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East Meadow looks back on 18 years of unity, advocacy following 9/11

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Many Americans can recall where they were and what they were doing on Sept. 11, 2001, when they heard that two planes had been hijacked by terrorists and had crashed into the World Trade Center towers.

“Even though 18 years have elapsed, we must remember . . . how our country came together in the face of tragedy,” Rabbi Ronald Androphy, of the East Meadow Jewish Center, said to a crowd of somber faces at a twilight ceremony in Veterans Memorial Park on Sept. 11 that commemorated the lives that were lost in the attacks.

Seven East Meadow residents died that day — four who worked in the towers, two firefighters and a police officer. Others have since died of illnesses they contracted as a result of exposure to the toxins at ground zero, where they worked in the aftermath of the attacks.

The East Meadow Kiwanis erected a memorial in the southeast corner of the park, comprising an 1,800-pound marble statue and a steel beam from the World Trade Center, for the 2014 commemoration. Affixed to the statue is a footstone that reads, “In the name of freedom/To those who lost their lives/September 11, 2001,” and bears the seven names: Ann McGovern, Carlos Dominguez, Stephen Mark Fogel, Stephen LeMantia, Claude “Dan” Richards, Daniel Brethel and Thomas Patrick DeAngelis.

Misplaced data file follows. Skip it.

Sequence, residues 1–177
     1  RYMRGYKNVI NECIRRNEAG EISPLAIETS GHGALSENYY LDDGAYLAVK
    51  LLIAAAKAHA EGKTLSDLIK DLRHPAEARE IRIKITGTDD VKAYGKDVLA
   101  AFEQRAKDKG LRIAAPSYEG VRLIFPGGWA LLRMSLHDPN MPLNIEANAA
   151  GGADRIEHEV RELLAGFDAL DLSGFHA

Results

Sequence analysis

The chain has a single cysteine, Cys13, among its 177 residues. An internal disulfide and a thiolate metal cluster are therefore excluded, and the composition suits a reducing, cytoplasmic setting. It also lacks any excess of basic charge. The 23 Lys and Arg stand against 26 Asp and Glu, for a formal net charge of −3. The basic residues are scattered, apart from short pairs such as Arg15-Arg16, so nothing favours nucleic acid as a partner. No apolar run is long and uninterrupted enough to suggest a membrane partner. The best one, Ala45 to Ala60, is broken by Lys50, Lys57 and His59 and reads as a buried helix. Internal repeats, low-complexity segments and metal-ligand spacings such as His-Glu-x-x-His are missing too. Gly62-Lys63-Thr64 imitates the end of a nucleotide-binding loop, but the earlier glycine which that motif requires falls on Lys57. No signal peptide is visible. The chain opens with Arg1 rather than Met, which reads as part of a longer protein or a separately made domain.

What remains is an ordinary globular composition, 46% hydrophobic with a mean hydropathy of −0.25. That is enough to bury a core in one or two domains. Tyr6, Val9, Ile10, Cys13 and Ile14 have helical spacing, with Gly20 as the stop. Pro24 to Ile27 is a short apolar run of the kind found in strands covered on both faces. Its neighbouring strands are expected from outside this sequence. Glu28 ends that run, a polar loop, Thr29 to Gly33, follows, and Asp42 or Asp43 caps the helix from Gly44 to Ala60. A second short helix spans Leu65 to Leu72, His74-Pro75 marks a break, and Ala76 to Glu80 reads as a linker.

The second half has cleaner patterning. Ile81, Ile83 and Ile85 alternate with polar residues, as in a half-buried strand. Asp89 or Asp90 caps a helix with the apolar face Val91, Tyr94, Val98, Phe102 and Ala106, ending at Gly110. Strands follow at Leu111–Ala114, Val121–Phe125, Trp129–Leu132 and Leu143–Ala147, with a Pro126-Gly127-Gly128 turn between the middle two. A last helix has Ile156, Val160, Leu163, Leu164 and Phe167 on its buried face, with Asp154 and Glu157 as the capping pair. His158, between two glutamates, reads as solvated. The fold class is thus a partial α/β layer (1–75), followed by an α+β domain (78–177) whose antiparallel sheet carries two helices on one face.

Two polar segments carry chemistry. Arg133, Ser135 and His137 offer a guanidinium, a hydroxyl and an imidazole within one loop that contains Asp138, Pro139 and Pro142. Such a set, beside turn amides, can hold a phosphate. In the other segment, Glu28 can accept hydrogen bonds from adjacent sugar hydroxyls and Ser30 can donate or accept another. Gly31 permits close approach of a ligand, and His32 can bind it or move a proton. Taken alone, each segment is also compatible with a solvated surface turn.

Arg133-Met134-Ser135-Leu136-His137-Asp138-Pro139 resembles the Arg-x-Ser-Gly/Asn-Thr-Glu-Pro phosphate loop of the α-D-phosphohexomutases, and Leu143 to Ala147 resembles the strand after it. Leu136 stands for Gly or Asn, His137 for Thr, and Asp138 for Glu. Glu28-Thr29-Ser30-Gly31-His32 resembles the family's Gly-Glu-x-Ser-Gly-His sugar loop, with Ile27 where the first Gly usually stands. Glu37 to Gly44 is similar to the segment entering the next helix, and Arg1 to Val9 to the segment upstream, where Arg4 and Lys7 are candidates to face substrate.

“We must remember and recover that moment,” Androphy said, citing the divisiveness of the current political climate. “My friends, it should not take a tragedy like 9/11 to bring us together.”

The rabbi quoted Sandy Dahl, United Flight 93 pilot Jason Dahl’s wife: “If we learn nothing else from this tragedy, we learn that life is short and there is no time for hate.”

Last week’s ceremony was hosted by the East Meadow Fire Department and led by longtime volunteer firefighter Glen Carpentier, who noted a recent breakthrough in the ongoing effort to provide care to those living with 9/11-related illnesses today: the federal funding of the September 11th Victim Compensation Fund. EMFD members, Carpentier said, have long advocated for an extension of the fund. “I’m so proud to say that our members succeeded,” he said.

On July 29, President Trump signed the funding legislation into law. Its official name is Never Forget the Heroes: James Zadroga, Ray Pfeifer, and Luis Alvarez Permanent Authorization of the September 11th Victim Compensation Fund Act. Pfeifer joined the EMFD’s Engine Company No. 3 in 1978, and became its youngest captain in 1982. From 1987 to 2014, he was also a member of the New York City Fire Department, with which he responded to the attacks. Pfeifer spent eight months at ground zero, and eventually developed kidney cancer. He died in May 2017, at age 59.

Even in the throes of his illness, Pfeifer traveled to Washington to urge lawmakers to create the legislation that now bears his name.

As the ceremony ended, Carpentier led the crowd in singing “God Bless America,” while members of the EMFD Junior Fire Company helped attendees light candles and brighten the darkening sky.